Number of stations: 11
Number of markets: 11
Percent of U.S. covered: 5.8%
The stations compete in markets ranging from 5 to 174. The group operates five ABC, one NBC and four CBS affiliates, plus one independent. The group's largest markets include KRON San Francisco, WKRN Nashville, Tenn., and WTEN Albany, N.Y.
Most of Young's NATPE agenda consists of finding daytime product. While the group is in “pretty good shape,” according to President Deb McDermott, there are at least five markets with daytime programming holes.
Already, NBC Universal's Martha Stewart series has been cleared for daytime at WKRN. And McDermott indicates there may be further Stewart clearances by the group. Another daytime possibility for Young is Warner Bros' Tyra Banks talk show. “It looks interesting,” McDermott says.
More daytime schedule changes might occur, depending on whether The Tony Danza Show returns. “It's not doing a stellar job,” says McDermott. “There are time periods here that may be available.”
Young's investment in The Jane Pauley Show is modest—only two stations carry the program. But the show was downgraded in Nashville from early fringe to an 11 a.m. timeslot. Although McDermott says it appears to be performing “fairly well” in mornings, WRIC Richmond, Va., airs the program in late night.
2003 estimated revenue: $204 million
Number of stations: 7
Number of markets: 7
Percent of U.S. covered: 4%
The stations compete in markets 8-104.
All are ABC affiliates. Allbritton's largest markets are WJLA Washington, WBMA Birmingham, Ala., and WHTM Harrisburg, Pa.
Allbritton has its eye on Martha Stewart. “She certainly has a perspective on life that very few talk-show hosts have,” says President/COO Fred Ryan. “America's a very forgiving country; I think viewers like to see people land back on their feet.”
The group's long-term commitment is to The Oprah Winfrey Show, which aids their newscasts, but two of its stations are saddled with The Jane Pauley Show. “We're going to have to start looking at our options. The show has fallen far short of expectations,” he says.
Live With Regis and Kelly remains a staple in daytime for the group. And Allbritton is looking at syndicating Inside Washington, a weekly Washington public-affairs program carried on all of its stations.
Expanding local programming has also lessened the group's need for syndicated product. At KTUL Tulsa, Okla., Good DayTulsa, a one-hour local news/talk show, airs at 9 a.m. KATV Little Rock, Ark., already offers two successful morning and afternoon local news/talk shows. Says Ryan, “It's been very advertiser friendly and worked well for us.”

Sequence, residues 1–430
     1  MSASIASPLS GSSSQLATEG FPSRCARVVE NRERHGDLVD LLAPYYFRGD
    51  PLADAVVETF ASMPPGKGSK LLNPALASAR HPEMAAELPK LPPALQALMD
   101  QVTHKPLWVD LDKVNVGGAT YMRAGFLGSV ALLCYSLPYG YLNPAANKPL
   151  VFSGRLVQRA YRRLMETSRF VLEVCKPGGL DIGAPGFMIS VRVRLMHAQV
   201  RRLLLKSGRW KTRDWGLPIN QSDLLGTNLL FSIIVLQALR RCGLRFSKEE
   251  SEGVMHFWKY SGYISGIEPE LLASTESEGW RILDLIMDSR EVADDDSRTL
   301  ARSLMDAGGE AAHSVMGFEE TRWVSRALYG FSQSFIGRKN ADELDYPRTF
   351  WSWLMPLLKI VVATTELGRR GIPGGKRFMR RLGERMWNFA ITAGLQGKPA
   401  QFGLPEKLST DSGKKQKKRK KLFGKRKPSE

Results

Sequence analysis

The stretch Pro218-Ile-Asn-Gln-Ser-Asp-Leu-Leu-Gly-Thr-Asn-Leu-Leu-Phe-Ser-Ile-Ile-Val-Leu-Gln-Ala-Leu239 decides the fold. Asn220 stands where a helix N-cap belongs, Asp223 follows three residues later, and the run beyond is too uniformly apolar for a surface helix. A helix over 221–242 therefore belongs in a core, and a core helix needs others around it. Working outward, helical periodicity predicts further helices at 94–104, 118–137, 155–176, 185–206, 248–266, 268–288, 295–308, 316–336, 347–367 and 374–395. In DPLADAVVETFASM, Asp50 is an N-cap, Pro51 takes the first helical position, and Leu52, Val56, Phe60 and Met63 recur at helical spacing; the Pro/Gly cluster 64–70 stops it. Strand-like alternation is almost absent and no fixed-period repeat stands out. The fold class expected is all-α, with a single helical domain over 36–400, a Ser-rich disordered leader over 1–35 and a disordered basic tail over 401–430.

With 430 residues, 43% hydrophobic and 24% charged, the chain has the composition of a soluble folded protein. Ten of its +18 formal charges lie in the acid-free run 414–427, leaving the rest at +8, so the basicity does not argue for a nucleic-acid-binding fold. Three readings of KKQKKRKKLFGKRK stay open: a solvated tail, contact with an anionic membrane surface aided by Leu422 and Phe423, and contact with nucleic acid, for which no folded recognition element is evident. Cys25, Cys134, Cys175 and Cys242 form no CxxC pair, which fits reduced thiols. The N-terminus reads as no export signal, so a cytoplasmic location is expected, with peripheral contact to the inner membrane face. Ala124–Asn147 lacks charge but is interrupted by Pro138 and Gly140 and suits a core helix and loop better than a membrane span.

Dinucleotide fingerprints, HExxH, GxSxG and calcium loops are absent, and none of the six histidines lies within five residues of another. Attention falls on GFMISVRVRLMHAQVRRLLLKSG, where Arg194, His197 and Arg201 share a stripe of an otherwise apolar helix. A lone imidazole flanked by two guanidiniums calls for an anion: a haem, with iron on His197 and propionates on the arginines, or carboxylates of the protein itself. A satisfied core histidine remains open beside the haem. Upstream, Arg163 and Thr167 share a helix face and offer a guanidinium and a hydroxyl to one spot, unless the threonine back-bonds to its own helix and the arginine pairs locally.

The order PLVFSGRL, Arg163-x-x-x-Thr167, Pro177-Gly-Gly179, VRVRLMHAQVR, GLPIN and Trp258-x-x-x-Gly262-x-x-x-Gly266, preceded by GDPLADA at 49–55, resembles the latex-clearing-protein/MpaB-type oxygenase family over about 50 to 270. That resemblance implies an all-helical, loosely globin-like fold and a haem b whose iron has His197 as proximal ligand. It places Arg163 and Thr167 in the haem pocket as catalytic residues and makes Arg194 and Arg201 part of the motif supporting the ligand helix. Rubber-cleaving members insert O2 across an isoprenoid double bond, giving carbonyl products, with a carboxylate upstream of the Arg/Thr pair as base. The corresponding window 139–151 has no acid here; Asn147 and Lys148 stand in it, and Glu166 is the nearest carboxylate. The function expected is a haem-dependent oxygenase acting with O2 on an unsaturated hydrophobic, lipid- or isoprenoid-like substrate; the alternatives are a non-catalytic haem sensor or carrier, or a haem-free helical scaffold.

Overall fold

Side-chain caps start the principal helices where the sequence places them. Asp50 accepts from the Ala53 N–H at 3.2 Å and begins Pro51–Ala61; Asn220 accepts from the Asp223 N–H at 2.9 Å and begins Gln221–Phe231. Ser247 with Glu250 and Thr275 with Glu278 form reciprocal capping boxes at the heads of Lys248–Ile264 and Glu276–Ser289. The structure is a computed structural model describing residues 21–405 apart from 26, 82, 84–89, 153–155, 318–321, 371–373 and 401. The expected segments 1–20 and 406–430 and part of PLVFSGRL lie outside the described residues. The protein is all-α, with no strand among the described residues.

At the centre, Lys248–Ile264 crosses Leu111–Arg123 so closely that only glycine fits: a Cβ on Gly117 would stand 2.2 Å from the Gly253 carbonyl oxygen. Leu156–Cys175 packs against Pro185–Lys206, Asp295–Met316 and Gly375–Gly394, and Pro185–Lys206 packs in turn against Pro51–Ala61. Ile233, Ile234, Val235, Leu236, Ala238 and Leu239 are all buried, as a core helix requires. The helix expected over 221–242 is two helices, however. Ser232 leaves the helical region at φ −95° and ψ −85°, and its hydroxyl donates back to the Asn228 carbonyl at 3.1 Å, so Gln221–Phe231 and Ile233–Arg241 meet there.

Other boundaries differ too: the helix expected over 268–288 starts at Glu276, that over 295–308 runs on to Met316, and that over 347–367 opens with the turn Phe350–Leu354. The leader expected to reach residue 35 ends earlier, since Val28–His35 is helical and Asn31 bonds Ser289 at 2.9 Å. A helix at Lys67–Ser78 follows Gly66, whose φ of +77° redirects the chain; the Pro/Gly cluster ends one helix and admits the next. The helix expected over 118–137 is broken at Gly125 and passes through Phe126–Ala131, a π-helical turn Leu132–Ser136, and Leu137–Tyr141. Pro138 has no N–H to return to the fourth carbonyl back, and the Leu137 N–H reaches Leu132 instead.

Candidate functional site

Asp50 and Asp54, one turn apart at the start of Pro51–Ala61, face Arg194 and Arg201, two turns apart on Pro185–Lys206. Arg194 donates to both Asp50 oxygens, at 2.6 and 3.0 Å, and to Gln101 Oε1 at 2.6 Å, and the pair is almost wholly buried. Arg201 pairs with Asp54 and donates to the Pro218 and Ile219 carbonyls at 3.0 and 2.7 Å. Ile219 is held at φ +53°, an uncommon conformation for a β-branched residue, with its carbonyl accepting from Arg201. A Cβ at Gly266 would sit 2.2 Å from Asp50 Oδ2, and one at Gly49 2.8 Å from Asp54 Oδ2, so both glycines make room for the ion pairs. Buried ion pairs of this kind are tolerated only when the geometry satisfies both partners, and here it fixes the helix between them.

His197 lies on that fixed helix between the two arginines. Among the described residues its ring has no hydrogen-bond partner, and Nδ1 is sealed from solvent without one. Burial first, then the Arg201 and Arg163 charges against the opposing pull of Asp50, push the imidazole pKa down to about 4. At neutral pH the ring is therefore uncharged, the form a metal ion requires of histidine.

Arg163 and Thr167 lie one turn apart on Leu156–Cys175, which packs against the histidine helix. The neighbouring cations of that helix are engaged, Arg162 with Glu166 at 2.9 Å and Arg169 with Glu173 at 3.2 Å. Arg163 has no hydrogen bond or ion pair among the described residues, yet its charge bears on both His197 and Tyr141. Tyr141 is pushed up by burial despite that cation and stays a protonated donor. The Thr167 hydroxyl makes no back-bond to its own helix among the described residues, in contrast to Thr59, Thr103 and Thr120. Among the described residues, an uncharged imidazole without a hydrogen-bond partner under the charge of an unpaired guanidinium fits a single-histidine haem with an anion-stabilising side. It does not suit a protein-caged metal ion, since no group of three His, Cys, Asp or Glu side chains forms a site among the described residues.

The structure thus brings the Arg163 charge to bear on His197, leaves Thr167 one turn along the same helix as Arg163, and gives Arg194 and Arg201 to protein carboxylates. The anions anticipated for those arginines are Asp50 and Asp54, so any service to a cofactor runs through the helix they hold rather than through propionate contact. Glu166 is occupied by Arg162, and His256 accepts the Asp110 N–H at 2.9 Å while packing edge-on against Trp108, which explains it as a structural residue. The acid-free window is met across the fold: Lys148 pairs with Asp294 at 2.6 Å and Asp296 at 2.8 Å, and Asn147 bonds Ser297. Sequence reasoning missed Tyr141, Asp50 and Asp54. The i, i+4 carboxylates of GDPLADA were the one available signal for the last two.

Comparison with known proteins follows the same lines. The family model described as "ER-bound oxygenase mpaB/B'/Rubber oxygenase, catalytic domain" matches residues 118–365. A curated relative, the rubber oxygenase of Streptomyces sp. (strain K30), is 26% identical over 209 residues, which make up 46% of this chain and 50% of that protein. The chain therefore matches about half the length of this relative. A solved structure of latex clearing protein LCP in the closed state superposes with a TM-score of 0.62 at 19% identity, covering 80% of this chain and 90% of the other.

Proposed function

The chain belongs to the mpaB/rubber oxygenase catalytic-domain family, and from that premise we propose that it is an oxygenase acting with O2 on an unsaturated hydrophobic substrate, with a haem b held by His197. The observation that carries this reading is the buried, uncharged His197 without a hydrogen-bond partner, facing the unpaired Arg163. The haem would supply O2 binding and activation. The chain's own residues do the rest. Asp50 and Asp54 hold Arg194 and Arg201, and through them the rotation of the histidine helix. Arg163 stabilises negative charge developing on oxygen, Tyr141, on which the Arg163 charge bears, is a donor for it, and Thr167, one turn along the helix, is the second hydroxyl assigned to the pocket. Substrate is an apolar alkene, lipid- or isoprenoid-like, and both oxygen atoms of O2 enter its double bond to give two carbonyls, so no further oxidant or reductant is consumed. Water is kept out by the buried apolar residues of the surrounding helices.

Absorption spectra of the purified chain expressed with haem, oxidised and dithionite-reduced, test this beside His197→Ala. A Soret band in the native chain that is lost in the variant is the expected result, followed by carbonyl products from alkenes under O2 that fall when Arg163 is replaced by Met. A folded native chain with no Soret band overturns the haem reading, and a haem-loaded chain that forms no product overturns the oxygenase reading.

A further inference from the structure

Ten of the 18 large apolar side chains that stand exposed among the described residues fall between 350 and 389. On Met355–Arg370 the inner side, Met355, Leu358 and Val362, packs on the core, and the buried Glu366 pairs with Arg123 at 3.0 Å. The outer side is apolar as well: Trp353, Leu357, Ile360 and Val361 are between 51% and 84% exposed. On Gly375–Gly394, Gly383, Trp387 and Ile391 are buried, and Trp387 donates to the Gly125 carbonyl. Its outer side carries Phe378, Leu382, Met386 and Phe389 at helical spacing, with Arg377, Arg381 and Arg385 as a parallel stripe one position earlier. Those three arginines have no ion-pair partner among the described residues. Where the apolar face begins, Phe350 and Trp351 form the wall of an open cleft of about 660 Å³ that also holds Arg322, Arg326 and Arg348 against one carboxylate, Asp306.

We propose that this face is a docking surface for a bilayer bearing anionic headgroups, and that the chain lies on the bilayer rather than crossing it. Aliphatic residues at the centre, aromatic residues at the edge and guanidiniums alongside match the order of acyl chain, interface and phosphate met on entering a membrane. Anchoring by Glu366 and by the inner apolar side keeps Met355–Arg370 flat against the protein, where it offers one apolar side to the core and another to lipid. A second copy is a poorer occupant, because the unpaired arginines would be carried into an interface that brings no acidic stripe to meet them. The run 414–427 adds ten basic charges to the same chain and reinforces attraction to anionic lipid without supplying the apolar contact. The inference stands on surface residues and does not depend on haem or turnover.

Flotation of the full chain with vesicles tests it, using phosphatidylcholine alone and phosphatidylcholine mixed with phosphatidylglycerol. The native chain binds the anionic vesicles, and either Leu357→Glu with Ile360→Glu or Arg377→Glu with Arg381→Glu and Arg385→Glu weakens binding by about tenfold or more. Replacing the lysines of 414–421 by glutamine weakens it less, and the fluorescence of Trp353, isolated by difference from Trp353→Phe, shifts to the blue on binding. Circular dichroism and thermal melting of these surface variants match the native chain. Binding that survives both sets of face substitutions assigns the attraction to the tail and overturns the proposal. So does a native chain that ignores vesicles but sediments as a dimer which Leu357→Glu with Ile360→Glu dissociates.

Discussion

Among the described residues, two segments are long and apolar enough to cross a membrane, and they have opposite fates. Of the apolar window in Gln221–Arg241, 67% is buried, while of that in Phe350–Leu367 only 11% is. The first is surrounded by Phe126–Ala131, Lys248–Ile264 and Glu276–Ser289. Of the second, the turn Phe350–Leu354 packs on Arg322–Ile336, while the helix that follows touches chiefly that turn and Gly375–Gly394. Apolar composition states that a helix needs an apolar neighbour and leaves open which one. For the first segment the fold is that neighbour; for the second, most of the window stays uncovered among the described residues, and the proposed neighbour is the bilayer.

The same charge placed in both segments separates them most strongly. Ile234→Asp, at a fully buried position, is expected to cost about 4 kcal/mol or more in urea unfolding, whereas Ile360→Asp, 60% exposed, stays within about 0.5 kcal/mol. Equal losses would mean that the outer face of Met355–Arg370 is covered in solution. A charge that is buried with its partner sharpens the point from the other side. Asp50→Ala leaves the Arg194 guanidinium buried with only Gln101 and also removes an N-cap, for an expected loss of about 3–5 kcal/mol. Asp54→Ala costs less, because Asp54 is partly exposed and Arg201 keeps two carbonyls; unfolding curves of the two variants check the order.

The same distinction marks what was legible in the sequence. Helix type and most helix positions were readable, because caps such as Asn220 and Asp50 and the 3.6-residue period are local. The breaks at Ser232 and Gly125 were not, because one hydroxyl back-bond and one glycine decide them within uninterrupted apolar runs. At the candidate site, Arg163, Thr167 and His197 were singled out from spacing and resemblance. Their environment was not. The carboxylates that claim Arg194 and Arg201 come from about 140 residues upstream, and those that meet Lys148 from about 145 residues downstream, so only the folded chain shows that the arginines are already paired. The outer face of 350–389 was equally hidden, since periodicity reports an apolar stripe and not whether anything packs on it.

24 Liberty Corp.
2003 revenue: $192.6 million
Number of stations: 15
Number of markets: 14
Percent of U.S. covered: 3.2%
Stations compete in markets ranging from 50 to 179. There are eight NBC, two CBS and five ABC affiliates. Liberty's largest markets are WAVE Louisville, Ky., WTOL Toledo, Ohio, and WIS Columbia, S.C.
Liberty's long-term renewal deals with King World and others make it an unlikely candidate for major new programming acquisitions. “We're not going to NATPE. We don't have a critical need to go,” says VP of Operations Guy Hempel.
Hempel says the group is in “really good shape” with Dr. Phil, Oprah, Jeopardy! and Wheel of Fortune. However, some stations are likely to readjust their morning schedules, especially those carrying The Jane PauleyShow. The series airs on KPLC Lake Charles, La., and KGBT Harlingen, Texas. “We're trying to decide what we'll do there,” says Hempel. “Jane Pauley is a wonderful talent. I think it's just the wrong format.
“We'll look at Martha Stewart, Tyra Banks and everything that's new out there,” he continues. He thinks the proposed Stewart talk show may work. “The world seems to think she took her medicine and she didn't shirk it. She may have picked up a few more fans here and there.”
Still, finding an audience for a morning show is tough. Says Hempel, “We continue to scratch our heads. We have some markets that, no matter what you put in there, it does a 3.” Liberty's WSFA and WWAY Wilmington, N.C., offer locally produced home-shopping shows to their morning viewers.
25 Nexstar Broadcasting
2003 revenue: $186.6 million
Number of stations: 46
Number of markets: 27
Percent of U.S. covered: 4.9%
The stations compete in markets 53-196, including duopolies in Springfield, Mo.; Joplin-Pittsburgh, Kan.; Terre Haute, Ind.; Champaign and Rockford, Ill.; Wilkes Barre-Scranton, Pa.; Utica, N.Y.; Erie, Pa.; Billings, Mont.; Wichita Falls, Amarillo, Lubbock, Abilene and San Angelo, Texas; and Peoria-Bloomington, Ind. There are 13 NBC, eight CBS, nine ABC, 12 Fox and three UPN affiliates, along with one independent. Nexstar's largest markets are WBRE Wilkes Barre-Scranton; KRAK Little Rock, Ark.; and WROC Rochester, N.Y. Nexstar technically owns 30 stations and has a shared-services agreement with 15 Mission Broadcasting stations and one Sinclair station.
With minor program holes to fill, Nexstar stations are concentrating on renewals rather than new acquisitions, says Senior VP/Regional Manager Tim Busch.
Nexstar is not likely to make any large group buys. Busch says it is up to the individual general manager at each station to decide which programs are purchased and which are renewed.
Of course, the group may be forced to close more deals if The Jane PauleyShow is canceled. The show airs in nine markets in either morning or early fringe. The group isn't giving up on the veteran TV anchor because, unlike in other markets, Pauley's show is doing well on Nexstar stations. Busch says, “We have confidence in Jane.”
Some of the group's renewal discussions will be with Paramount, whose product includes Dr. Phil, Entertainment Tonight, Judge Judy and Montel. Nextstar's traditional affiliated stations carry a mix of Dr. Phil, The Oprah Winfrey Show, Wheel of Fortune, Jeopardy! and Inside Edition in early fringe and access.
Nextstar is a big buyer of off-net product. Shows like Everybody Loves Raymond, Seinfeld, Friends, Spin City, King of the Hill, Fear Factor and Frasier dominate their time periods at the group's Fox and UPN stations, as well as the one independent station it owns.